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August 25, 2012 at 7:28 PM

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Piecing together a fashion industry in Seattle


BETTINA HANSEN / THE SEATTLE TIMES

Marta Kappl consults with young designer Andres 'Andy' Pinedo, 21, of Yakima at 'House of Fashion', her Belltown storefront. One of Pinedo's handcrafted gowns is modeled by Aika Yokoyama, one of Kappl's interns.

When I was approached by my editor, Danny Gawlowski, to see if I was interested in doing a story on fashion, I wondered if he was blind.

I'm a photographer - and I dress like one. Not the stylish type portrayed in movies, with skinny jeans and scarves. The kind you see on the sidelines of a game, dodging flying athletes while wearing kneepads and fleece.

Nevertheless, I accepted, and a few weeks later was with reporter Jennifer Sullivan in Marta Kappl's House of Fashion in Belltown where he got the original idea for the story.



BETTINA HANSEN / THE SEATTLE TIMES

Erin Hilleary paints on silk in the front window of Marta Kappl's storefront fashion incubator, 'House of Fashion', located on Virginia street in Belltown. Kappl's fashions are for sale alongside local independent designers who work with her for mentoring and sewing workspace, which is in the back of the store.

BETTINA HANSEN / THE SEATTLE TIMES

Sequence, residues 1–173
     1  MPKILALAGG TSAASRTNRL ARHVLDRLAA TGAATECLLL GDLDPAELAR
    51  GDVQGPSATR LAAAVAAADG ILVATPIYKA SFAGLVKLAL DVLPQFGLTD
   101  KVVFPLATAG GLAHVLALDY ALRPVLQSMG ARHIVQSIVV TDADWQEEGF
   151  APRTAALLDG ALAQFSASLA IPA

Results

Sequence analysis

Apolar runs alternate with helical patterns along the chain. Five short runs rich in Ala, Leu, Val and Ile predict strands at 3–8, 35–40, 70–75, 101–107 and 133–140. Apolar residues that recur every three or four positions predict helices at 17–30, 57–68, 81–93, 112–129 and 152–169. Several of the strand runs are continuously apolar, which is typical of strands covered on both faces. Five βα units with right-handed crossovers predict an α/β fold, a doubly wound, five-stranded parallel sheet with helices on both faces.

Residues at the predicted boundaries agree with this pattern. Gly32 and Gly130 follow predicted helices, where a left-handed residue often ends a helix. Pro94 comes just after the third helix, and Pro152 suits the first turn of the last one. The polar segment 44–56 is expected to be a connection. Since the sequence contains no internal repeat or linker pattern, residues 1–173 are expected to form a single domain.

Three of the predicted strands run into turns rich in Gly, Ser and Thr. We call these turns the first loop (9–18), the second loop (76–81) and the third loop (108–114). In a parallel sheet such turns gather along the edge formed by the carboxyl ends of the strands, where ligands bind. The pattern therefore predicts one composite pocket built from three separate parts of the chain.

Erin Hilleary, a self-taught artist working with Marta Kappl to learn more about fashion, paints a scene inspired by neolithic matriarchal civilizations' cave paintings. "People are wearing them, moving around, and living in them," said Hilleary. "It's like building the most beautiful 3D canvases."


Kappl has started a 'fashion incubator' here in Seattle, a popular concept in other cities, where fledgling designers work under the wing of a more established one to gain insight and on-the-job training. The day that we visited, one of her students, Erin Hilleary, was handpainting a gorgeous scene on a piece of silk in the front window.

From there, what started as a story about beautiful things to wear, started to take a turn. We dug into other local designers' struggles and victories, and I was lucky to meet Andy Pinedo, 21, of Yakima, a very talented young designer who came to House of Fashion to get advice from Kappl on where to start his career in fashion.

His gowns ranged from structured to ethereal, and were even more impressive when considering his age.



BETTINA HANSEN / THE SEATTLE TIMES